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1 Flower Structure Flowers vary in size, shape and color. The largest flower, with at diameter of one meter (three feet and three inches) and weighing about 9 kilograms (20 pounds), is born on a plant from Indonesia called Rafflesia. Duckweed, Wolffia Columbiana, bears the smallest flower, which is a little over 0.1 millimeters long. Flowers exhibit a wide range of colors. Fragrances of flowers also range from sweet ones to those which require fly pollinators and therefore smell of rotten meat. Flower shape varies among species. Some have petals fused into tubular shapes; other have spurs projecting from the flower, attached or distinct petals, or petals with upper and lower lips. Flowers are the reproductive structures of angiosperms, plants whose seeds develop from fertilized ovules. Flowering plants are divided into two classes: Dicots and Monocots. Almost 75 percent of all flowering plants are dicots including most flowering trees, shrubs, annual, and perennial plants. Monocots are plants such as lilies, grasses, irises, palms and orchids. Flower structure is one means of differentiating between monocots and dicots. Monocots possess flower parts in multiples of three. The flower parts in dicots are mostly in multiples of four or five. Most flowers consist of four structural parts which are attached to the flower base as whorls. The outer whorl consists of sepals, followed by the petals, then the stamens, and the inner most whorl is (are) the pistil(s). At the base of the pistil is the ovary which envelops the ovules, and this is where fertilization occurs. The outer two whorls, sepals (calyx) and petals (corolla), serve to protect the inner parts of the flower and attract pollinators to the flowers. Flowers which possess all four whorls- sepals, petals, stamen, and pistil- are described as complete flowers. Flowers which lack one or more of the four whorls are termed incomplete flowers. Complete flowers include day lilies, tiger lilies and amaryllis. The Calyx The calyx is green and looks like leaves. Sometimes the calyx is called the sepals. The calyx has two jobs. The first job of the calyx is to protect the flower bud until it is the right time for the bud to open. The calyx is wrapped around the flower bud before it opens, After the bud opens and blooms, it needs something to hold it up, so the second job of the calyx is to spread open at the base of the flower and hold up the flower on the plant. The Corolla The corolla consists of all the petals of the flower. Many flowers have bright, colorful petals, while some flowers are dull and we hardly even notice them. Even grasses have flowers, but they are not bright or very colorful. Have you ever gotten a letter in mail? It probably came in an envelope. The envelope protected the paper inside. Scientists call the calyx and the corolla the floral envelope of a plant. Remember the calyx protects the beautiful flower bud inside. The stamens The stamens are the male reproductive parts of the flower. Each stamen actually consists of two parts put together. The anther is an enlarged part of the stamen. It grows on a thin, stalk-like part that is called the filament. The anther produces pollen. Pollen contains sperm cells. The sperm cells are very important in the reproduction of the flowering plant.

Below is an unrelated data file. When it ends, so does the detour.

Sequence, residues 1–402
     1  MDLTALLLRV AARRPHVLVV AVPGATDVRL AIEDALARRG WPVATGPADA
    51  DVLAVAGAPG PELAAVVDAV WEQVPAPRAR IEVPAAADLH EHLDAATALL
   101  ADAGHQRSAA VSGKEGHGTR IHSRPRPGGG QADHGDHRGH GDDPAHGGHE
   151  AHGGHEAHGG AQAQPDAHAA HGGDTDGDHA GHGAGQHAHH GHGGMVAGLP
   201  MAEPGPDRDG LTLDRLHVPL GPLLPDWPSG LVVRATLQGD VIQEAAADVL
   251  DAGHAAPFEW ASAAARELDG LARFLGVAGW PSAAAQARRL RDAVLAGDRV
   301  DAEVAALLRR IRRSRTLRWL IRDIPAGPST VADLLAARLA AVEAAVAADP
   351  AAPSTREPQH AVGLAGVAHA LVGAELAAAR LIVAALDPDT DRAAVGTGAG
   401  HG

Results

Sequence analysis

2 The Pistil The female part of the flower is called the pistil. A pistil has three important parts. At the top of the pistil is a flattened part that is called the stigma. The stigma is attached to a tube, which is called the style. At the base of the style is the ovary. The ovary contains the egg cells of the flower. This is where the final stages of reproduction occur. Some plants do not have all the flower parts on one plant. These plants make incomplete flowers. For example, corn makes incomplete flowers in two different places on each corn plant. The male flowers are in the tassel at the top of the stalk. The female flowers are in the ears farther down along the stalk. Many trees also have incomplete flowers. One tree may make the male flower while another tree makes the female flower. Both trees must be present for the flowers to bloom and for the tree to reproduce.